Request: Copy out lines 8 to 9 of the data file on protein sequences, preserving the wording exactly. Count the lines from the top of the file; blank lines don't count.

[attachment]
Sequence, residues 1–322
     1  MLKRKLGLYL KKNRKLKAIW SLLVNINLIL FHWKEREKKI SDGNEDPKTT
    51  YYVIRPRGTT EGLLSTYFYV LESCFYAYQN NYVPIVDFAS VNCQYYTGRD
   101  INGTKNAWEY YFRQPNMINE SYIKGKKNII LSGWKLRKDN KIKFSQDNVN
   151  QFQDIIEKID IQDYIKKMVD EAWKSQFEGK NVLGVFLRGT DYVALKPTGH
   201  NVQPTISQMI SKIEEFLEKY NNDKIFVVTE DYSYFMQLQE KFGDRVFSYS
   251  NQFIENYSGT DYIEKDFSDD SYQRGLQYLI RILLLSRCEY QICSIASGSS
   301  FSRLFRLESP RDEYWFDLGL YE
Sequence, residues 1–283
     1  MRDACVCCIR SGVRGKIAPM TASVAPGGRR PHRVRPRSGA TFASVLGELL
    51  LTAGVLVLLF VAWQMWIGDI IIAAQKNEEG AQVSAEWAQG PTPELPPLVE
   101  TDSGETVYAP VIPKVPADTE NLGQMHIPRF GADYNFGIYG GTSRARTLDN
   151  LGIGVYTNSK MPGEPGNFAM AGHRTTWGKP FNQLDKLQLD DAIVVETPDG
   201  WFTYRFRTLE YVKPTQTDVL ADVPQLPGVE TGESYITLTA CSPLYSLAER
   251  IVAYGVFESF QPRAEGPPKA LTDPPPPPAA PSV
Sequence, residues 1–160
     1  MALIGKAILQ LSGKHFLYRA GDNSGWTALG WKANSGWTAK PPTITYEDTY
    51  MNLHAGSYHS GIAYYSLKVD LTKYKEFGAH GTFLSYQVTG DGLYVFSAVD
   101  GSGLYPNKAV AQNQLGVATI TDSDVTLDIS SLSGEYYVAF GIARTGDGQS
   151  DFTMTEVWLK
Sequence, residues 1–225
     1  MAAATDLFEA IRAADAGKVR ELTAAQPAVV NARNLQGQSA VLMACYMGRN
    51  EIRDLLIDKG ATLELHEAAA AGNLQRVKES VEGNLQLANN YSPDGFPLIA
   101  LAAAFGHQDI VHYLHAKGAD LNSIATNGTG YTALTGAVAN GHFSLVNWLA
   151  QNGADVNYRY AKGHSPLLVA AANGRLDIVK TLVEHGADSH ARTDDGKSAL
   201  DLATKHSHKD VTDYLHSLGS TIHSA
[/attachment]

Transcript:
   301  FSRLFRLESP RDEYWFDLGL YE
Sequence, residues 1–283